If it was a Jeopardy question, would you be able to identify the present status of the national terrorist threat level without guessing? That’s what we thought. As presently configured, this color-coded warning system seems to have all the gravitas of the flag rotation at the beach that advises of strong undertow or the presence of too many jellyfish in the water. Actually, the resemblance is uncanny. Each has a five-color system that seems to randomly land on a selection depending on what a lifeguard or the Director of Homeland Security had for breakfast. Is it time to simplify our terrorist warning system from five flags to three?
The History of the Flag System
Color has a powerful influence on humans, shaping our moods and having a larger than you might imagine effect on your personal opinion of any particular day. In the wake of the terrorist attacks on the World Trade Center in New York on September 11, 2001, officials in the newly created Department of Homeland Security decided a color-coded system was the best way to gain the attention of the average citizen, enabling them to discern at a glance the prevailing overall threat level, ranging from Green for “low risk of terrorist attacks” to Red for “severe risk of terrorist attacks.” In the near two decades since its establishment, the Threat Level Advisory System has been adjusted 17 times, the last in 2006 when it settled on Yellow, a “significant risk of terrorist attacks.”
Recently, the Homeland Security Advisory Council decided there might be a few too many flags and they may drop the bottom two, presumably on the theory that there’s a good chance we’ll never have a “Low” or “Guarded” state of affairs again. We can look to Israel for guidance here. Think they ever let their guard down? We’re guessing not. And presumably, five flag colors upon which our life depends is deemed more than the average citizen can keep up with
Stay Out of the Water and Watch for Madmen in Trucks
Homeland Security Secretary Janet Napolitano received the bad news from her council in the form of an official letter describing the current public indifference and lack of confidence in the Threat Level Advisory System. Though some panel members were in favor of scrapping the colored threat system entirely, the current non-binding recommendation is to move to a simplified three-color system that includes:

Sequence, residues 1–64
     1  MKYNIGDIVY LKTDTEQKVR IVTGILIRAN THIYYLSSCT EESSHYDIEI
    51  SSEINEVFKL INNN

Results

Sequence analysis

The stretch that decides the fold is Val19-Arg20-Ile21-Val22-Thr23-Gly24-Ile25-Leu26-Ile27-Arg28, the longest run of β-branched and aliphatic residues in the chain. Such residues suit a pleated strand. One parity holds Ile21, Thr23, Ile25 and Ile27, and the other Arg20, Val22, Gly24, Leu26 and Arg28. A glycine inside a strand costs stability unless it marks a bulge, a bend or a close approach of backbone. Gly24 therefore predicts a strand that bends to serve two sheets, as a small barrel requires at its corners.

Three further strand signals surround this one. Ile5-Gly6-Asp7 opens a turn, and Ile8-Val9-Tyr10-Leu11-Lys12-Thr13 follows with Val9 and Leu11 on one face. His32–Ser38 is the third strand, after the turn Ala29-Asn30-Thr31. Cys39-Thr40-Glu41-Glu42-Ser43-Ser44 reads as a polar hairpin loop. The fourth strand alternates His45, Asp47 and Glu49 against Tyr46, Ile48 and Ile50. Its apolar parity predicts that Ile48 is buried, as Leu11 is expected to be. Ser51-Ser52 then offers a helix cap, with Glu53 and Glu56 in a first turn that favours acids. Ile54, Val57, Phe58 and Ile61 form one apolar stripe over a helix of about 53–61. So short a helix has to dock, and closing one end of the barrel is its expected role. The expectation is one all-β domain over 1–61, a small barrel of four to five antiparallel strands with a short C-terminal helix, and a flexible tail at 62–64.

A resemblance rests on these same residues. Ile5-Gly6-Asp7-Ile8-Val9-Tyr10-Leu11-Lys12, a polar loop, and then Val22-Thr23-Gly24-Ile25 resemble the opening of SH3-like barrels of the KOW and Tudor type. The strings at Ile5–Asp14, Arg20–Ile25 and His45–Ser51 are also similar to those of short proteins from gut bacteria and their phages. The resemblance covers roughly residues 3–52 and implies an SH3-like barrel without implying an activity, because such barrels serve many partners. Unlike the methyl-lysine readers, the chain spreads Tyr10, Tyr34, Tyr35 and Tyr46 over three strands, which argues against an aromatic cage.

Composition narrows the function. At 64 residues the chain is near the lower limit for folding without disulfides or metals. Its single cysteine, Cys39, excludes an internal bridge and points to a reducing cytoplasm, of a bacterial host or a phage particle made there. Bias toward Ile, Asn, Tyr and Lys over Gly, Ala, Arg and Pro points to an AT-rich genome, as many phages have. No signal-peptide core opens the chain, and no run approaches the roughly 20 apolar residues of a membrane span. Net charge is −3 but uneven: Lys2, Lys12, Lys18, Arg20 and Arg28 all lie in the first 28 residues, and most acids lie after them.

Yellow: A “guarded” state in the nation that urges all citizens to assume “standard” vigilance against potential terrorist action. This would be the new lowest threat level.
Orange: An “elevated” suspicion level in which protective measures are implemented upon the basis of specific information regarding a terrorist plot. An example - Johnny Jihad gets on Facebook and threatens to blow up the Super Bowl.
Red: This “high” alert level is intended to exert maximum protective measures against an ongoing or imminent terrorist action.
Keep the Politics Out
One of the compelling reasons to change the color-coded threat system, according to the council, is a recent revelation in former Homeland Security head honcho Tom Ridge’s book, The Test of Our Times, that members of George W. Bush’s cabinet urged him to increase the national threat level in the days leading up to the 2004 presidential election, theorizing that the move would go a long ways towards securing a second term for the sitting president.
Obviously, this kind of political chicanery doesn’t do much to increase public trust. Now the politicians at Homeland have decreed that the new system, “for reasons of public credibility,” won’t be politicized. They go on to assure us in the most insistent of terms that the new threat level will be changed only when public safety and security compels it. Riigghht. We'll believe it when we see it.
The Bottom Line
Ultimately, the world is a squirrelly place; it doesn’t seem we’re safe online or off. For the former, there are legitimate security steps you can take to protect yourself. With the latter, it may very well make all the sense in the world to simplify the Threat Level Assessment System, but the way to gain credibility is not to claim there will be no politics involved. That’s an insult to Americans everywhere. Of course, there will be politics involved. Politicians can’t help themselves. The best we can hope for is that, along the way to politicizing this new system, they might inadvertently do a good thing for the rest of us.